Societe Generale SA (ADR) (OTCMKTS:SCGLY) Squeezes Higher as Frexit Risk Subsides

Societe Generale SA (ADR) (OTCMKTS:SCGLY) Squeezes Higher as Frexit Risk Subsides

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Societe Generale SA (ADR) (OTCMKTS:SCGLY) is a big French bank. That puts the company at the forefront of investors’ minds this weekend as the citizens from France go to the polls to elect a new President. The vote is the crucial second round run-off vote that will be the final determinant. For SocGen, as it is known, this is the crucial issue. At stake is the future of the EU in many ways.

The election pits centrist Emmanuel Macron versus far-right contender Marine Le Pen. The key here for the big banks of France and Europe is that Le Pen is running on a “Frexit” ticket, meaning that, if she wins, it will represent a de facto vote by the French to exit the Euro currency. There would be plenty of hurdles to actually getting to that result, but the markets will likely take a Le Pen victory as a signal about what is to come. At the time of this writing, the results of the election are unknown, but the polls show a wide lead for Macron, and thus a high likelihood that euro skeptics will be denied their moment in the sun.

Societe Generale SA (ADR) (OTCMKTS:SCGLY) bills itself as a financial services firm with operations primarily in Europe. The company is a global player, but has roots and identity in France.

The company operates through three divisions: French Retail Banking, International Banking and Financial Services, and Global Banking and Investor Solutions. It offers domestic banking services to individuals, professionals, businesses, communities, and organizations under the Societe Generale, Crédit du Nord, and Boursorama brand names; and international retail banking and consumer credit services to individuals, professionals, corporates, institutions, and associations in Europe, Russia, Africa, Asia, the Mediterranean Basin, and French overseas departments and territories.

SCGLY also provides life, retirement savings schemes, personal protection, auto, home, personal accident, school, and other insurance products; vehicle leasing and fleet management services; and vendor and equipment finance.

In addition, it assists corporate, financial institutions, public sector institutions, and family offices in terms of investments, strategic advisory services, capital raising, and capital structure optimization; and offers structured finance, and investment and risk management solutions. Further, the company provides access to market through solutions in equities, fixed income, currencies, commodities, and alternative investments; debt refinancing solutions; and private banking services, such as asset allocation, portfolio management, funds, markets, and wealth management solutions to high net worth individuals.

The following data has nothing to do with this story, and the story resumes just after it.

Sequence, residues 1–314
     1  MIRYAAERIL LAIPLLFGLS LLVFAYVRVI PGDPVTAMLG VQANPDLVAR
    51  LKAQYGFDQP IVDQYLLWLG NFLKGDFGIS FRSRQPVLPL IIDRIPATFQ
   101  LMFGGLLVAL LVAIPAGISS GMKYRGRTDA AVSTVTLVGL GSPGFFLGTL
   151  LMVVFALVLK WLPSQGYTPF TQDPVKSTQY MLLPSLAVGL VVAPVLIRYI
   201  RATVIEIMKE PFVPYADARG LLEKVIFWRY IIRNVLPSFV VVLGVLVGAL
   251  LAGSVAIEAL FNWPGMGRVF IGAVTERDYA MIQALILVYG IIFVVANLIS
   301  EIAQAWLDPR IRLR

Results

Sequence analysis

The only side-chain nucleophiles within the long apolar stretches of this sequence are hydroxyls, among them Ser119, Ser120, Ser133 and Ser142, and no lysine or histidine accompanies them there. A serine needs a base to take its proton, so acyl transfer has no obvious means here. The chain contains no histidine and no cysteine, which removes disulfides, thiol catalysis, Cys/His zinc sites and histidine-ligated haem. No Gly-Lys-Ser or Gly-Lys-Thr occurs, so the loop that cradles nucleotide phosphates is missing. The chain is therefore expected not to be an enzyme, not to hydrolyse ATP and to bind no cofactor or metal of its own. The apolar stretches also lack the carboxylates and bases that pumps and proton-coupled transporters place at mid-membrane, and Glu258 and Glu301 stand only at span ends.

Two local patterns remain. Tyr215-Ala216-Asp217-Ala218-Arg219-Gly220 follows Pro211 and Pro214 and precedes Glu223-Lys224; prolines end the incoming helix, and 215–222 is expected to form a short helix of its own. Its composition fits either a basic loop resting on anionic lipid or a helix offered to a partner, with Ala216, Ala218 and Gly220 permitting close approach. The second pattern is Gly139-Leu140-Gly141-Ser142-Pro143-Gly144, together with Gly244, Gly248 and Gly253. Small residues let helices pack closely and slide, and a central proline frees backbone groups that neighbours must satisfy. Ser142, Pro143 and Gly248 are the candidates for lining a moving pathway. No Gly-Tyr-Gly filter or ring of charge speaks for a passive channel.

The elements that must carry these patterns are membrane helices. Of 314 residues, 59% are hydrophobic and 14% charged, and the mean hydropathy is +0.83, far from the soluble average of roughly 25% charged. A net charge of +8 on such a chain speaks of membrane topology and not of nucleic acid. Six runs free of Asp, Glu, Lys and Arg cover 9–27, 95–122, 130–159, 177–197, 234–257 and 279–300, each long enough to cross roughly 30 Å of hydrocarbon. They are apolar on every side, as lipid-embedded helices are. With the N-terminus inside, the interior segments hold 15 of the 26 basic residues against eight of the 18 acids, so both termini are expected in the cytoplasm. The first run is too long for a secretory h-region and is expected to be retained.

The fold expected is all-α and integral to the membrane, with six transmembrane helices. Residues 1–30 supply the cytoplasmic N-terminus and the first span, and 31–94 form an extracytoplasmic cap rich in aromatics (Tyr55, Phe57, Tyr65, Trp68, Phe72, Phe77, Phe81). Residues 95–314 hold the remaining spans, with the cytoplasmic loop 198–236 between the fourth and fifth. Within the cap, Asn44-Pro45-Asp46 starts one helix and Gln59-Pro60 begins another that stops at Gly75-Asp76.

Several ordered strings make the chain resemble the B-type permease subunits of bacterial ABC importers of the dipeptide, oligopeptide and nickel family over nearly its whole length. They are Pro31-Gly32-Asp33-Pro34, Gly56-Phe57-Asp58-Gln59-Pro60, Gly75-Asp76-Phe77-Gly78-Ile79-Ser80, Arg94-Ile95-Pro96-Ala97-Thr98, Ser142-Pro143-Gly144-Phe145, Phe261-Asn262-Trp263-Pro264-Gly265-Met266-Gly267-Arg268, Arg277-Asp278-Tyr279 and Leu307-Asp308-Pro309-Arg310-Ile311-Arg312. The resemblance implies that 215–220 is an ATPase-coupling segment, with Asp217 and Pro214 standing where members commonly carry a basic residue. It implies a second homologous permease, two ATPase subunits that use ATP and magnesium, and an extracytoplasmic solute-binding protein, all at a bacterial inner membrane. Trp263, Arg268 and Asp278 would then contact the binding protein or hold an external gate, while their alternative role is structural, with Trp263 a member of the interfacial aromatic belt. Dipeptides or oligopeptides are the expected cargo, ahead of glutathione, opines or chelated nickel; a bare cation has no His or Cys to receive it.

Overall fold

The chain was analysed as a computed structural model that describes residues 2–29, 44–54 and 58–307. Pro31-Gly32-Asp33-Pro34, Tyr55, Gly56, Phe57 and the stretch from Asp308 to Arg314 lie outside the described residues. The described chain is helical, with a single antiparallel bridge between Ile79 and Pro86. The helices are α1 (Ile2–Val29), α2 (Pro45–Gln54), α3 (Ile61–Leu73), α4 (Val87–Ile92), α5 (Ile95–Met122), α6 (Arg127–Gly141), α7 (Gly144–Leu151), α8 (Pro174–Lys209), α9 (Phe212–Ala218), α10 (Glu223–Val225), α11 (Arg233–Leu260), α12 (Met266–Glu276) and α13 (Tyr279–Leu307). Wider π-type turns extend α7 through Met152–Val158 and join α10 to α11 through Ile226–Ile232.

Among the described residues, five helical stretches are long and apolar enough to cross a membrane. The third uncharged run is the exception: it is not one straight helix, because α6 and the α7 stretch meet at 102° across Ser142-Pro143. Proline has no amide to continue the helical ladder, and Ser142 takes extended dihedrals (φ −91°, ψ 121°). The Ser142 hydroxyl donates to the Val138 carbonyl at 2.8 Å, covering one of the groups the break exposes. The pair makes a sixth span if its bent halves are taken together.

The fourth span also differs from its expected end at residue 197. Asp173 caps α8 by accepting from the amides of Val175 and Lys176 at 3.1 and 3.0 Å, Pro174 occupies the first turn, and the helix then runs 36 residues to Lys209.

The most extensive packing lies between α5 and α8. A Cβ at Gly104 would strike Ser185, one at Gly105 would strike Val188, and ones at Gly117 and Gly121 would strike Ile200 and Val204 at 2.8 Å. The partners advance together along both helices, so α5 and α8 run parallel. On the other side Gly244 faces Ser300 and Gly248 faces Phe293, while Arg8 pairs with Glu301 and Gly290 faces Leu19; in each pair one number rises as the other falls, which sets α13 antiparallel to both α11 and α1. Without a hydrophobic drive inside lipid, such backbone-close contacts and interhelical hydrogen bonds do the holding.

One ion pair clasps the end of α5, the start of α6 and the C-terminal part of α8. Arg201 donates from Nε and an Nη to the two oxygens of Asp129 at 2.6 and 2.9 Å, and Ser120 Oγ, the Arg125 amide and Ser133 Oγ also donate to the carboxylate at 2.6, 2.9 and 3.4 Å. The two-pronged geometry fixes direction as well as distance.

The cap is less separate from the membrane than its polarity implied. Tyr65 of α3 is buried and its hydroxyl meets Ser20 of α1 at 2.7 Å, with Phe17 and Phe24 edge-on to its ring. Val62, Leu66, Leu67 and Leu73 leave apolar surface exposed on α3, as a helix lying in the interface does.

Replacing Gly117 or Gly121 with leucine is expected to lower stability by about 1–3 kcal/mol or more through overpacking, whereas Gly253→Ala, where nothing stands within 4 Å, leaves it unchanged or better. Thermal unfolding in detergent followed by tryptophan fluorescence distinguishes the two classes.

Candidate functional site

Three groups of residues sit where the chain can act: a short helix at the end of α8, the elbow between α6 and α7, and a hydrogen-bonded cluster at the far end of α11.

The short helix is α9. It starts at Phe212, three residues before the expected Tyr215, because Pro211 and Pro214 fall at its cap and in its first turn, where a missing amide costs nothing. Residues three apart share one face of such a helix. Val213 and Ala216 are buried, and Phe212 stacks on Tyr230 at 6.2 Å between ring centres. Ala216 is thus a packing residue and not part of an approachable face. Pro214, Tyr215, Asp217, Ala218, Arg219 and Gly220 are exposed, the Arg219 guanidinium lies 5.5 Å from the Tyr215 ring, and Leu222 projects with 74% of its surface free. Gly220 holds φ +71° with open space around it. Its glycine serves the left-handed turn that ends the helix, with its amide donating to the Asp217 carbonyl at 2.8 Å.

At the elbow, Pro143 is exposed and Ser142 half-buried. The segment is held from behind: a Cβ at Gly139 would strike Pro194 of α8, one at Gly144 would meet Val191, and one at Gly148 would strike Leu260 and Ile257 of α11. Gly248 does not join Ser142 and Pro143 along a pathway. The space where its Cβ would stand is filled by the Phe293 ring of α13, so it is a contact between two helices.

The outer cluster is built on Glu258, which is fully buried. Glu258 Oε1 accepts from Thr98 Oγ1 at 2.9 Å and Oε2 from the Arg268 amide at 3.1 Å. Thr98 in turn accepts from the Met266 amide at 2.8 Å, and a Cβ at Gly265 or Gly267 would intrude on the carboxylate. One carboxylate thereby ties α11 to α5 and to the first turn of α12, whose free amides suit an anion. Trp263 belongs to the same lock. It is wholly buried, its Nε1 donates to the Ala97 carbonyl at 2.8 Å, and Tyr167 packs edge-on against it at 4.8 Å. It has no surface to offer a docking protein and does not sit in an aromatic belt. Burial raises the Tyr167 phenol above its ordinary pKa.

Additionally, it offers asset management solutions; and securities services, including clearing, custody and trustee, liquidity management, fund administration and asset servicing, fund distribution, and global issuer services, as well as cash management, correspondent banking, international trade financing, factoring, and foreign exchange services. Societe Generale Group was founded in 1864 and is headquartered in Paris, France.

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As noted above, this weekend’s run-off vote in France for the President is the most important catalyst for SocGen, as well as the whole of the EU banking space. At this point (before the vote), markets closed last week with a very wide expectation of a Macron win. Hence, the hedges have come off, and stocks like this one have been soaring.

The reason recent polls have been such a strong catalyst for stocks like this is because of the contrast in outcomes. Had we entered the weekend with the polls going the other way, I would not be surprised to see this stock at $5 to $8/share. A French exit of the EU would not just be a French event. The EU is a three-legged stool, with the UK, France, and Germany as the legs. The countries of Southern Europe – Italy, Portugal, Spain, and Greece – sit atop that stool. With Brexit, the UK leg is gone. If we then saw Frexit, it is very likely the whole union would crumble.

That would pose a realistic risk of spurring a series of sovereign debt defaults and widespread bankruptcy in the banking sector – banks like SocGen have lent massive sums to entities that would be forced to default immediately.

Given the dramatic nature of this threat, it is no wonder that big money stayed on the sidelines until the polls widened. Now that the polls have done so, big money is playing a round of catch-up, and EU bank stocks are launching higher.

We foretold this back in October of last year, when we last covered the stock, noting that “…importantly, the most likely outcome right now is that Le Pen will not win, France will remain in the EU, the EU will avoid chaos, and SocGen will soar higher as the risk of this immediate Armageddon scenario subsides mid-way through next year.”

Our next crystal ball prediction on SCGLY is that Monday will bring a Macron Presidency, and a round of profit taking in the French banks. It’s time to Frexit this one for hefty gains out of the gap up open this week. There isn’t a lot of real growth here (about 1.3% on the top line), and the stock’s big gains have been mostly about de-hedging on geopolitics. You can bet we will update this one again as new information comes into view. For continuing coverage on shares of SCGLY stock, as well as our other hot stock picks, sign up for our free newsletter today and get our next hot stock pick!

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